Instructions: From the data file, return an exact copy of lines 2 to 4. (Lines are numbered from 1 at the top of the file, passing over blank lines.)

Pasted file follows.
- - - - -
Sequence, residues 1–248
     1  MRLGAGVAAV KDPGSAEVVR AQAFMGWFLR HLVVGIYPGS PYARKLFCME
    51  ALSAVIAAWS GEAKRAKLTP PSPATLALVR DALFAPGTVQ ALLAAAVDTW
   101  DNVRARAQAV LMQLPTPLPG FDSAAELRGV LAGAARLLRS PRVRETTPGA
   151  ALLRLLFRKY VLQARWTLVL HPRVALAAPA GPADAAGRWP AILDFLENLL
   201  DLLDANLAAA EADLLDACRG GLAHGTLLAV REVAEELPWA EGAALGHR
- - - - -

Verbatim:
     1  MRLGAGVAAV KDPGSAEVVR AQAFMGWFLR HLVVGIYPGS PYARKLFCME
    51  ALSAVIAAWS GEAKRAKLTP PSPATLALVR DALFAPGTVQ ALLAAAVDTW
   101  DNVRARAQAV LMQLPTPLPG FDSAAELRGV LAGAARLLRS PRVRETTPGA